Two years ago I took a course in Testimony and Human Rights in which we read and discussed works of testomonial literature (Shoah, the work of Primo Levi and Rigoberta Menchu, etc.) and at some point we read an essay by Jacques Ranciere titled “The Intolerable Image.” Speaking on pictures and photography of war and trauma, Ranciere states “What makes an image intolerable? At first sight, the question seems merely to ask what features make us unable to view an image without experiencing pain or indignation. But a second question immediately emerges, bound up with the first: is it acceptable to make such images and exhibit them to others?”
I’m a woman, so naturally the original video of Ray Rice dragging the unconscious body of his then-fiance Janay Palmer out of an Atlantic City elevator felt like a knife in my stomach. I’ve seen the original video in fits and starts, stumbling upon it when I flipped through channels, immediately feeling like I’ve intruded upon something terrible. It wasn’t like the videos and photographs I’d seen in that testimony course, of men and women staggering out of concentration camps or a prisoner about to be executed. Those were pictures, frozen in a past that was too far away to be immediate. This was violence in real time, a cowardly suckerpunch caught on tape. It’s similar to the feelings expressed by Tom Junod regarding the execution video of journalist James Foley in his new introduction to the award-winning piece “The Falling Man“: We are bearing witness to something, but that something is incomprehensible.
The pre-evidentiary image was intolerable, to be sure. But not intolerable enough. Just showing the evidence of violence isn’t enough for a lot of people. Sometimes, intolerable images are what people need. They need the full picture, the full grotesque display, in order to fully understand. We’ve gotten really good at dismissing things, at shrinking the stuff we don’t want to enlarge the stuff we do. Sometimes they need the entire, excruciating video to understand domestic violence, and the new footage released last week of what actually happened – Ray Rice cold-cocking his wife in the face, knocking her out cold, standing in an incredulously banal way over her still form – was finally, finally, what it took for people to get it. (We can obviously debate whether or not the NFL saw the full tape back in April when they requested it, because the NFL has more money than God and they could have most certainly gotten the full tape, but I digress)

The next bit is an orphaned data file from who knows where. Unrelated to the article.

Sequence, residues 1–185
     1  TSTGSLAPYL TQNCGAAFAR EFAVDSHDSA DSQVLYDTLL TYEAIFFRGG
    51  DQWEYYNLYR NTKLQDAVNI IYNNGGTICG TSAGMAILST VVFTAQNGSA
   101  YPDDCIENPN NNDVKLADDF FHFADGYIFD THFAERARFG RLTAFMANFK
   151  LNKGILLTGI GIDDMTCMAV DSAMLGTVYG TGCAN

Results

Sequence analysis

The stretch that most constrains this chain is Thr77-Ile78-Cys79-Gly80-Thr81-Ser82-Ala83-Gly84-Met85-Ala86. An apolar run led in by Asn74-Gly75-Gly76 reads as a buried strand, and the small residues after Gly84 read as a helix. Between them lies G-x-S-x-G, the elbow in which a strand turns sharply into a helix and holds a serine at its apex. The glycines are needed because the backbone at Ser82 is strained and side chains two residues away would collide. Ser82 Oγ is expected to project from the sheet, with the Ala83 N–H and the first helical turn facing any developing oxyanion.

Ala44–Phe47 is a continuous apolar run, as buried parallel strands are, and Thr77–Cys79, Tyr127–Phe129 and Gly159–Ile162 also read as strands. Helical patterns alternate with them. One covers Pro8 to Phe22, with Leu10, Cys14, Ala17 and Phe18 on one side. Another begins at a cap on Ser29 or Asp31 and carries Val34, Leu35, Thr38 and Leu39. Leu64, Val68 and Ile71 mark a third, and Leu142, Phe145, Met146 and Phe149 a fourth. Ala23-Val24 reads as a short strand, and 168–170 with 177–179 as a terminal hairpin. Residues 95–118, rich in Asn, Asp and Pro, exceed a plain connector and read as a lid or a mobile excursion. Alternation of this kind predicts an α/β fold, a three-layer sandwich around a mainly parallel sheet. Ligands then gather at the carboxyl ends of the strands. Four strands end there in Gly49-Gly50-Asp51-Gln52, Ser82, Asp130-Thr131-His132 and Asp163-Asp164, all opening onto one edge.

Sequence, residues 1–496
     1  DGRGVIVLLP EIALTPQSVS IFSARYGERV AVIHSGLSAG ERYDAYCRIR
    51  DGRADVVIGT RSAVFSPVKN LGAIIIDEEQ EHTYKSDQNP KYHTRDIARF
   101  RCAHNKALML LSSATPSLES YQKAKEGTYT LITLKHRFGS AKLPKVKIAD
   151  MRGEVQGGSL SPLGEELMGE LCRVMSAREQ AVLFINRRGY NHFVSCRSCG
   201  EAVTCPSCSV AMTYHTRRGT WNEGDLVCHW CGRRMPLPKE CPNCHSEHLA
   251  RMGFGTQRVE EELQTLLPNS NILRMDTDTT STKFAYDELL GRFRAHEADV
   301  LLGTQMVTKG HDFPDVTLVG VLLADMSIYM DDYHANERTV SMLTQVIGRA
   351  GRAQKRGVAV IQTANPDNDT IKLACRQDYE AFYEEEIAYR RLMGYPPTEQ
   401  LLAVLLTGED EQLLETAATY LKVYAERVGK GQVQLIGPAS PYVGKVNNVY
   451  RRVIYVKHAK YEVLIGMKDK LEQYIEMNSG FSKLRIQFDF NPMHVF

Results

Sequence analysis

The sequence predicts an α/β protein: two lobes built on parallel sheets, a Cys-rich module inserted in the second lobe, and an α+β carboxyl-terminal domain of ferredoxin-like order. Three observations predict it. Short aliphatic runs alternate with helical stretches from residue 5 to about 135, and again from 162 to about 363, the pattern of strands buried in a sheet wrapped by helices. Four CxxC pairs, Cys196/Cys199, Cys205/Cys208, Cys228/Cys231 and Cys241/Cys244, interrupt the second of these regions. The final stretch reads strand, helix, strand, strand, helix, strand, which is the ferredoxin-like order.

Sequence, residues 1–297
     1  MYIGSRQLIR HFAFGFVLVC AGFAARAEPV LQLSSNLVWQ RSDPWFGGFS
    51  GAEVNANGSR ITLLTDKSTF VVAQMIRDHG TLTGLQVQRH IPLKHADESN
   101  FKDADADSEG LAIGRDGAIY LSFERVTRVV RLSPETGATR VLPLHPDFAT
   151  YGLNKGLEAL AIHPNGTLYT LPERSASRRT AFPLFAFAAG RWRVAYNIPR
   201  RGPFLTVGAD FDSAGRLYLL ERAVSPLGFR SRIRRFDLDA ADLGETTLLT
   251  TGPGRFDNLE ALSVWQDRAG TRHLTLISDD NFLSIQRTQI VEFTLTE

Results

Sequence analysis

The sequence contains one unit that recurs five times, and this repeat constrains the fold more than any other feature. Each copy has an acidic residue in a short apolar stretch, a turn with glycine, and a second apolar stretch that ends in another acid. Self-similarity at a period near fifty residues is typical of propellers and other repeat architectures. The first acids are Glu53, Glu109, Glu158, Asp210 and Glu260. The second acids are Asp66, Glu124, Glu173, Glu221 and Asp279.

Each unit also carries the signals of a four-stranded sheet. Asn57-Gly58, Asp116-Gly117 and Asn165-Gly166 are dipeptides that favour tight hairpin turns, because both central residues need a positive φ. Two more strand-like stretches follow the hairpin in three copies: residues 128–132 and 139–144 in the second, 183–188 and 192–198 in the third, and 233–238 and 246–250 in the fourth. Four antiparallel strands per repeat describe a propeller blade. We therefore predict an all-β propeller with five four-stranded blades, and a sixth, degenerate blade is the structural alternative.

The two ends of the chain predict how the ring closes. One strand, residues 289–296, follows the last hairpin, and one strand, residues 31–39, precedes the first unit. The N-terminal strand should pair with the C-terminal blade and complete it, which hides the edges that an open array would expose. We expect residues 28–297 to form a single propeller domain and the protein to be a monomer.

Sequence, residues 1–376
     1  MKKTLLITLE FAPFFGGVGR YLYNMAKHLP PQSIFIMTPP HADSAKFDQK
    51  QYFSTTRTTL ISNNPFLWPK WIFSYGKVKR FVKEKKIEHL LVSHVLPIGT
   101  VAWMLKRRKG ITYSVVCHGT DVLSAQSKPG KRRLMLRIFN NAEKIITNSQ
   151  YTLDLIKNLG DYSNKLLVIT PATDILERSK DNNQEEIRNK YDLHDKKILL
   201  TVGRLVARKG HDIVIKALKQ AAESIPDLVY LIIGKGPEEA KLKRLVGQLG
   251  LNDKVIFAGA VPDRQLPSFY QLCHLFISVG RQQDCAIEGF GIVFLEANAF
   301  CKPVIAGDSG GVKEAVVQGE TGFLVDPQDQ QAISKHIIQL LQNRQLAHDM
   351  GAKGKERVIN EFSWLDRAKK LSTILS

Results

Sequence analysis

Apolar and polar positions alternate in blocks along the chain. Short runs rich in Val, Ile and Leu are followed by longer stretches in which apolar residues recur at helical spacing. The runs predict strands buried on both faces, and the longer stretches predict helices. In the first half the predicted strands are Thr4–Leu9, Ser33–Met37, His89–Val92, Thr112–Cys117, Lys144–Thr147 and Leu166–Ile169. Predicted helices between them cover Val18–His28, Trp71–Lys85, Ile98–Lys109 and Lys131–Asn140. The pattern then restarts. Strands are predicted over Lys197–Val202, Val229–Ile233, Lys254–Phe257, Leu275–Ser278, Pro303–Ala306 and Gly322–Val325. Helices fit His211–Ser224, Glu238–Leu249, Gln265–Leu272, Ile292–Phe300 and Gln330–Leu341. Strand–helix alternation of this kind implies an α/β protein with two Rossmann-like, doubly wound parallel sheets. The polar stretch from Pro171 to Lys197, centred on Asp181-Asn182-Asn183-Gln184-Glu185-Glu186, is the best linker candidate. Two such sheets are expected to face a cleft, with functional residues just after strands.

It is very hard to equate my love of football (and sport itself, really) with the fact that the National Football League, with all of its pink shoelaces in October and female sideline reporters and Carrie Underwood singing of the Sunday Night Football theme song, really and truly doesn’t give a flying fuck about women. When it does try to care, it sells us jerseys bedazzled in sequins or dyed bright pink. It gives us Marie Claire cut-outs with Brooklyn Decker telling women how to ‘pretend they like football’ in front of their boyfriends. Even my own school, when trying to appeal to female football fans, felt it necessary to hold a girls-only workshop that managed to tie in cosmopolitans and pink helmets. I thought I needed to wear a pencil skirt to even consider applying. Just give me a regular damn jersey. I’m not one of those chicks who pretends to like football because it’s going to make me fuckable. I already know I’m hot. Let’s talk passing yards.
I don’t have to pretend I like football. I legit love football. And European football, too (Come on, you Reds!). I tailgate every Saturday. I met my man at a football tailgate and it’s possibly the cutest story ever told in the history of the world. But hey, if you don’t like sports, that’s okay, too. You don’t need to be anything other than yourself.